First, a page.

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Research Directions in Computational Mechanics 7 STRUCTURES AND STRUCTURAL DYNAMICS Computational structural mechanics and dynamics (CSMD) covers a broad spectrum of activities, including computational methods for predicting the response, failure, and life of structures and structural components and automated methods of structural synthesis and optimization. Also, CSMD is an important component in the multidisciplinary analysis and design of many engineering systems. RECENT ADVANCES Major advances in CSMD continue to take place on a broad front. The new advances are manifested by the development of sophisticated computational models that simulate mechanical, thermal, and electromagnetic responses of structures; efficient discretization techniques (viz., improved finite element, boundary element, and hybrid/analytical numerical methods); stochastic-based modeling; and computational strategies and numerical algorithms for nonlinear static, dynamic, and fracture problems. Large software systems now exist for detailed modeling and analysis of structures. These systems are currently being applied to some rather complicated problems, and this is affecting the design cycle of engineering systems and their components. Life prediction methods are required to perform structural integrity assessments of engineering systems. For metallic structures, empirical methods for life prediction are being replaced by fracture-mechanics-based computational methods. For composite structures, more work is needed to understand the mechanisms of failure initiation and propagation before computational methods can be widely used by industry. Because of the difficulty in understanding and modeling the failure phenomena, computational methods for strength and life predictions are lagging behind those of response predictions.
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Research Directions in Computational Mechanics FUTURE DEVELOPMENTS CSMD is likely to play a significant role in the future development of structures technology, as well as in the multi-disciplinary design of future engineering systems. For this to happen, major advances and computational tools are needed in a number of key CSMD areas. To this end, the research community must address a number of primary and secondary pacing items, many of which are discussed in this appendix. In identifying the pacing items, three factors are taken into account: characteristics of future engineering systems and their implications on CSMD, future computing environments, and recent and future developments in other fields of computational technology (notably fluid dynamics and computational mathematics) that can be adapted to CSMD. Primary and Secondary Pacing Items The primary pacing items in CSMD include detailed modeling of complex structures, prediction and analysis of failure of structural components made of new materials, effective computational strategies for large systems, computational methods for articulated dynamic systems, and quality assessment and control of numerical simulations. (The last pacing item is covered in Appendix 7.) The secondary pacing items include integration of analysis programs into computer-aided design/computer-aided engineering (CAD/CAE) systems and predata-postdata processing and the effective use of visualization technology. (The secondary pacing items are not discussed in this appendix.) Detailed Modeling of Complex Structures One of the most important steps for the accurate prediction of the response of a complex aerospace structure is the proper selection and sequencing of mathematical and discrete models with varying degrees of complexity. Hence, there is a need for development of automatic model generation facilities as well as smart interfaces to the analysis and design systems. The smart interfaces will be artificial intelligence (AI) based expert systems that run on workstations and can help the engineer in the initial selection of the model, its adaptive refinement, selection of the solution procedure, constraint representation, and interpretation of the results.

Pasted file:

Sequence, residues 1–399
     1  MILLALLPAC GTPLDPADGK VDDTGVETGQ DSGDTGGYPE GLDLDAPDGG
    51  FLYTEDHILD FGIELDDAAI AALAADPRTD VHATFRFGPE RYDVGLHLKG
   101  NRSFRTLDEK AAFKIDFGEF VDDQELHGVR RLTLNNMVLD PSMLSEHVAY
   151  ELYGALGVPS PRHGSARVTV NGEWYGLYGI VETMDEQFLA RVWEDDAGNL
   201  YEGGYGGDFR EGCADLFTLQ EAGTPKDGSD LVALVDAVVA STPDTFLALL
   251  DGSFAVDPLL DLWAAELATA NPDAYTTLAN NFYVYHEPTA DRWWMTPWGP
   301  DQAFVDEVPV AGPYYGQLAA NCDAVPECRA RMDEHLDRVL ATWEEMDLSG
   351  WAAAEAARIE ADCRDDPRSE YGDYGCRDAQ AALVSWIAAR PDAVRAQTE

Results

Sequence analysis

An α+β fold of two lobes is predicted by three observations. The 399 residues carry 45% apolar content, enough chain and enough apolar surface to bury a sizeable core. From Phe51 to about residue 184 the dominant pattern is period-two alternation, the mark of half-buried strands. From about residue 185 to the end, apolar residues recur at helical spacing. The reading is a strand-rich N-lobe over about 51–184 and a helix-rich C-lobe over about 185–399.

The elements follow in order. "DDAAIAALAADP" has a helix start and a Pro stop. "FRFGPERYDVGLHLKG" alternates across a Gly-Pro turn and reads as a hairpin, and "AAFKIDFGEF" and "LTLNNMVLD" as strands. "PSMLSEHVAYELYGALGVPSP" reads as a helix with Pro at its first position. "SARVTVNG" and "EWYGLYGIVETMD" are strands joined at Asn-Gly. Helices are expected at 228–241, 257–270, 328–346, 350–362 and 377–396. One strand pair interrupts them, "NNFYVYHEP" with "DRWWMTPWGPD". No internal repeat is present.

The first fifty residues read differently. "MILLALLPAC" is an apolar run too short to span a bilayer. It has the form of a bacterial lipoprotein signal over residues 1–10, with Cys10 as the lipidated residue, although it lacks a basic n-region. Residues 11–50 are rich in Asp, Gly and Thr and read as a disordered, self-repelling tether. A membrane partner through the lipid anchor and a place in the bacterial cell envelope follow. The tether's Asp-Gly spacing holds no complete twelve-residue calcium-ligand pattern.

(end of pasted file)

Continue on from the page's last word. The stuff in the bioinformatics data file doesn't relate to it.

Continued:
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Research Directions in Computational Mechanics Work is currently being done by AI researchers on the development of intelligent computational tools that combine numerical techniques with traditional AI methods, particularly symbolic methods and computer vision. These tools are designed for automatic preparation, execution, and monitoring of numerical simulations and automatic interpretation of their results. These new tools have high application potential in many facets of CSMD, including preparation of a discrete model from high-level specification in symbolic form of structural characteristics and qualitative description of structural response characteristics using computer vision techniques to recognize them (see Appendix 4). Predictions of Failure of Structural Components Practical numerical techniques are needed for predicting the failure initiation and propagation in structural components made of new high-performance materials within terms of measurable and controllable parameters. Examples of these materials are high-temperature materials for hypersonic vehicles; piezoelectric composites; and electronic, optical, and smart material systems for space and other applications. For some of the materials, accurate constitutive descriptions, failure criteria, and damage theories are needed, along with more realistic characterization of interface phenomena (such as contact and friction). The constitutive descriptions may require investigations at the microstructure level or even the atomic level, as well as carefully designed and conducted experiments. (Numerical modeling of new materials is covered in Appendix 6.) Numerical simulation of failure is still a challenge and is feasible only under restricting assumptions. Considerable work is needed in this area. Solution of Large-Scale Structural Problems A number of large-scale problems exist for which solutions are not feasible, even on present-day large computers. Examples of these problems are dynamics of large flexible structures incorporating the effects of joint nonlinearities and hysteretic damping, interaction problems of large structures with harsh operational environments such as space structures for extraterrestrial bases, and large-scale multidisciplinary design problems. Solution of these problems requires the development of effective multilevel strategies and hierarchical modeling techniques. Promising multilevel strategies include